January 3, 2008

GAITHERSBURG, Md — GenVec Inc announced that it has received a sub-award under a grant from the National Institute on Deafness and Other Communication Disorders (NIDCD), of the National Institutes of Health (NIH), to develop a gene-based drug therapy to treat severe balance disorders. GenVec will receive up to $1,125,000 over five years to support pre-clinical research in collaboration with Dr. Hinrich Staecker, University of Kansas Medical Center, leading to the development of a drug candidate for clinical testing.

Work under the grant will include the advancement of a lead development candidate to deliver and express the human atonal gene, generation of materials for pre-clinical testing, and generation of additional pre-clinical data to support an Investigational New Drug (IND) filing for a Phase I clinical trial. The grant will leverage Staecker’s expertise in inner ear clinical research and GenVec’s proprietary technologies and know-how in bringing adenovector gene delivery strategies into clinical trials. Work under the grant will explore the use of advanced generation adenovectors that further enhance delivery, selectivity, and potency of the vector system.

In February 2007, GenVec announced the publication of pre-clinical research demonstrating that delivery of the atonal gene utilizing GenVec’s proprietary adenovector technologies can regenerate lost sensory hair cells and revive inner ear function, a major requirement in the development of restorative therapeutics. The proof-of-concept study, authored by investigators from University of Kansas School of Medicine, University of Heidelberg, and GenVec, appeared in the February 2007 issue of Otology & Neurotology. The goal of this grant is to translate these research results into an IND application for the treatment of aminoglycoside-induced bilateral vestibular hypofunction (BVH).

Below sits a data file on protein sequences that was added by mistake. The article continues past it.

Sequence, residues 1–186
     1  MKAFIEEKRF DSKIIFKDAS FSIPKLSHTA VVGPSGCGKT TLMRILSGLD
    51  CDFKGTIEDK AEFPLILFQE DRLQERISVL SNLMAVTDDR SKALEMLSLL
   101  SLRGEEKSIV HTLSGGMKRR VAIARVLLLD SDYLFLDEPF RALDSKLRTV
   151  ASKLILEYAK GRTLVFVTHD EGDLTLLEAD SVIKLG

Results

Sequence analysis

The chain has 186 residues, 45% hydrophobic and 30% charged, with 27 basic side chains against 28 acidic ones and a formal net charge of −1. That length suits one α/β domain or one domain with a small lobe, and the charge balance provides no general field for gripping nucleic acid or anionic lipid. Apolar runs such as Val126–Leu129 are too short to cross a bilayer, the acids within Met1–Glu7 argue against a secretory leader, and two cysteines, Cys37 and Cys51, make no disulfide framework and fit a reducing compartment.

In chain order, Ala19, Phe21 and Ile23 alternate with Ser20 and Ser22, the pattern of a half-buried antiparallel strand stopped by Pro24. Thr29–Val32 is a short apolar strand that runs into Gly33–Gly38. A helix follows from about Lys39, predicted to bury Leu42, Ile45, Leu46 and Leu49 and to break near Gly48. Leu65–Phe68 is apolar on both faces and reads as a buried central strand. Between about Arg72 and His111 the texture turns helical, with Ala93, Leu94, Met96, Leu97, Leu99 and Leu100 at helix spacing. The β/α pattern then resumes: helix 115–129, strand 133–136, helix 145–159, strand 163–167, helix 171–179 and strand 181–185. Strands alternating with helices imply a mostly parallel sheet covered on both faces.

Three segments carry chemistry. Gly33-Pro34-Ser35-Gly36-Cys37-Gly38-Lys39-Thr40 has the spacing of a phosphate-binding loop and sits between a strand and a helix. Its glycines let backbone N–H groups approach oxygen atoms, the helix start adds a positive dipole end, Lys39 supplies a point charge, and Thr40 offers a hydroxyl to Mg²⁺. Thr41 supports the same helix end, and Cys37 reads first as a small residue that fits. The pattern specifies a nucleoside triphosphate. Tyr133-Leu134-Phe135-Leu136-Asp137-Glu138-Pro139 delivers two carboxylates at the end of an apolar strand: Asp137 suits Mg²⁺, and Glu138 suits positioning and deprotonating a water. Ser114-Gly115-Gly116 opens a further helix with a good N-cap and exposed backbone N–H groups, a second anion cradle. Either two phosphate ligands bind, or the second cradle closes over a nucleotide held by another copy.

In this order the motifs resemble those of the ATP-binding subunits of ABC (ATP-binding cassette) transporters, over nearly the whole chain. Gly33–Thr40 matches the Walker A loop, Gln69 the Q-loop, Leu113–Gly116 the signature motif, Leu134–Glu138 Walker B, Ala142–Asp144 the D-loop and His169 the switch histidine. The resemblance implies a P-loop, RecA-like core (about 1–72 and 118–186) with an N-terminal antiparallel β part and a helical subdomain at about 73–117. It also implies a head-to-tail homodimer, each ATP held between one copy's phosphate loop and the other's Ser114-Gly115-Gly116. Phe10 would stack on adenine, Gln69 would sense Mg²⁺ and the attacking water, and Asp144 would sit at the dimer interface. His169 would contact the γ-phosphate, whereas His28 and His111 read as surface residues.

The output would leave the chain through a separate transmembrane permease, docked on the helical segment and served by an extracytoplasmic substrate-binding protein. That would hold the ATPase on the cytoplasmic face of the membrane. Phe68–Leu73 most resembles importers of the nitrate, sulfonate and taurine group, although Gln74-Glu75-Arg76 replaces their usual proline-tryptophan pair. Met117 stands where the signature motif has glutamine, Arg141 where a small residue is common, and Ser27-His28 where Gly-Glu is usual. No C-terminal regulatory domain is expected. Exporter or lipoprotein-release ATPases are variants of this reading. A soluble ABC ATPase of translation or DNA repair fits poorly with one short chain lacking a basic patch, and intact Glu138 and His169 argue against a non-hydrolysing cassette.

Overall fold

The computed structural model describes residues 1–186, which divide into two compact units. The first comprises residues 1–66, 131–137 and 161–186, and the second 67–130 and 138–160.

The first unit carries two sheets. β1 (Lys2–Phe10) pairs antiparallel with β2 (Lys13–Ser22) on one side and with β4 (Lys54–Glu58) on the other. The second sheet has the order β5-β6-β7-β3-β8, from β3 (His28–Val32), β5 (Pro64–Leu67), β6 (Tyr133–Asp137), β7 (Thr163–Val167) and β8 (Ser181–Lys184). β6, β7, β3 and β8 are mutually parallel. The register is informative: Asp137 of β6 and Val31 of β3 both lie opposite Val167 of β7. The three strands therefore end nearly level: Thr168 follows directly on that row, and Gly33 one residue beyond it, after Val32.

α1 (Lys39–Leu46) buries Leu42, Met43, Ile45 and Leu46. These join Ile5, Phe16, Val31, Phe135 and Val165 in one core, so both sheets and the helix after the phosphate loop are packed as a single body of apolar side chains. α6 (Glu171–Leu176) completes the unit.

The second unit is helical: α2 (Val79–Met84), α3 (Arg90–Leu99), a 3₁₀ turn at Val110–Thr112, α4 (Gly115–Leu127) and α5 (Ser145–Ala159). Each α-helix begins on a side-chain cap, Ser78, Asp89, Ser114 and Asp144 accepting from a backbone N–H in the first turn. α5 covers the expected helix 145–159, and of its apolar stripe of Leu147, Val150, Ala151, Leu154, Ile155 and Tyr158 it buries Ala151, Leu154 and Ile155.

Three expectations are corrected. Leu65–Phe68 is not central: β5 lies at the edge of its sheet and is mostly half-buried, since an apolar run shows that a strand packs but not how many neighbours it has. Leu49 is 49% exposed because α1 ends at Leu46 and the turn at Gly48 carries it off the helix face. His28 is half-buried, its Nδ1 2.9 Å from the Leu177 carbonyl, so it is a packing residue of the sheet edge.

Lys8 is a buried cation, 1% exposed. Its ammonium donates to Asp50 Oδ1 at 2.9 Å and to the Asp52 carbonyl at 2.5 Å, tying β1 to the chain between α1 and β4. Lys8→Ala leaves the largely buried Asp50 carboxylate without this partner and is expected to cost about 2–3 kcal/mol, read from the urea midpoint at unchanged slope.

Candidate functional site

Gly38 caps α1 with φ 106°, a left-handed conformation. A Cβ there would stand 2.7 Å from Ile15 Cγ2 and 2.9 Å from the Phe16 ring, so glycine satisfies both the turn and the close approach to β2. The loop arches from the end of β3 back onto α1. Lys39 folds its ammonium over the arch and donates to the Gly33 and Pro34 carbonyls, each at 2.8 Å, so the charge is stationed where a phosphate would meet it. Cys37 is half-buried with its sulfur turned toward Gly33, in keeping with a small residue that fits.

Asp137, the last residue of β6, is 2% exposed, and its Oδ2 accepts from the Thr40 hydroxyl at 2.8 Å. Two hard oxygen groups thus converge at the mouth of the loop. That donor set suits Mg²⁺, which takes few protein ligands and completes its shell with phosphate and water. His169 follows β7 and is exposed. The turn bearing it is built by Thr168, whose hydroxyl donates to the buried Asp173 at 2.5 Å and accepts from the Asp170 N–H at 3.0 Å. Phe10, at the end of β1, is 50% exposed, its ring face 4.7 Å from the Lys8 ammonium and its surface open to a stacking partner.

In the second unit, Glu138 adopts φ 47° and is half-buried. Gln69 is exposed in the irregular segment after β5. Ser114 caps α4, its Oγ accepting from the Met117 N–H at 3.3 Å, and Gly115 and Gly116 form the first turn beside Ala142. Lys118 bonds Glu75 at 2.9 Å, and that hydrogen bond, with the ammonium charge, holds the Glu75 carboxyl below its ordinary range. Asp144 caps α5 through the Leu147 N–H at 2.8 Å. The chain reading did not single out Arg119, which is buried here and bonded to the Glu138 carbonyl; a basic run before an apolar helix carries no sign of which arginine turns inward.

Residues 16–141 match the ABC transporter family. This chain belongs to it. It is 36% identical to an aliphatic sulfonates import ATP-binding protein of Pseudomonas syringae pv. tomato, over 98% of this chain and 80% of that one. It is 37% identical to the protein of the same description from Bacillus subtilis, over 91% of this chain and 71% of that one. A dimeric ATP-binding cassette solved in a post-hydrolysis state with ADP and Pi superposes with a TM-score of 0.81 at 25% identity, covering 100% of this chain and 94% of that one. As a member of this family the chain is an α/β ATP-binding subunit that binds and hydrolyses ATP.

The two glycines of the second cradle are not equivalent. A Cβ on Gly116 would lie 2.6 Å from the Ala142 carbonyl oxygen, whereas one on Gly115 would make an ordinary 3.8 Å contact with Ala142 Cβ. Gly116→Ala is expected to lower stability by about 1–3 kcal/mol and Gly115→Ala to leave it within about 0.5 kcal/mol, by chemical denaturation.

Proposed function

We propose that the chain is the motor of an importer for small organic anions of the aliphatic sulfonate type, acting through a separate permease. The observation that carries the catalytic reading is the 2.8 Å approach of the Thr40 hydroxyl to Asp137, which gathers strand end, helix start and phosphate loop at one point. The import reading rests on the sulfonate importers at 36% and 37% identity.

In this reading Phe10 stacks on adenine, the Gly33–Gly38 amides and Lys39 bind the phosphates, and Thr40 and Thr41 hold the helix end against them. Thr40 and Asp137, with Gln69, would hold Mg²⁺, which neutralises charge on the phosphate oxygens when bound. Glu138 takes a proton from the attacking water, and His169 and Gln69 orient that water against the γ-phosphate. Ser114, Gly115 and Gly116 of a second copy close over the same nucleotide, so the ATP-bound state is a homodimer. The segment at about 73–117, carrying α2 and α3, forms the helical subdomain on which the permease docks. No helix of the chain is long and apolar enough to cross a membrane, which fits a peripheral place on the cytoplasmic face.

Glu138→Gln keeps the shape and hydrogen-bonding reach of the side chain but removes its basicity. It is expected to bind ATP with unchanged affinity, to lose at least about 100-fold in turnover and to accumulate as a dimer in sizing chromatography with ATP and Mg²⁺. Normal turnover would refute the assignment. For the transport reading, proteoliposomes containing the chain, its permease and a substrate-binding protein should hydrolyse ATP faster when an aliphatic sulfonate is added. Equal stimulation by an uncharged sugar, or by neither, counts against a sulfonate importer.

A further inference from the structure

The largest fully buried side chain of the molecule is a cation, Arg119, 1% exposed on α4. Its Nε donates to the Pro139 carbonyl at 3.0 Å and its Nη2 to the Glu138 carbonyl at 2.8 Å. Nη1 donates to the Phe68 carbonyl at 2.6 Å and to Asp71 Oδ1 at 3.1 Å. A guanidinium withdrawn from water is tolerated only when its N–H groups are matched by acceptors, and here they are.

“This program will support the pre-clinical development of an atonal product candidate and allow us to explore potentially important enhancements to our adenovectors,” said Douglas J. Swirsky, GenVec’s chief financial officer. “This represents another example of GenVec’s ability to advance its technology efficiently through the selective use of grants and other collaborations.”

“Hearing and balance disorders represent significant medical needs for which new approaches are needed,” added Dr. Doug Brough, GenVec’s senior director of Vector Sciences. “Delivery of atonal genes using GenVec’s proprietary adenovectors has already demonstrated the potential to restore balance function in pre-clinical models. We believe this translational research has the potential to lead to the development of a first-in-class therapeutic that could cure certain balance disorders, not just treat them.”

SOURCE: Medical News Today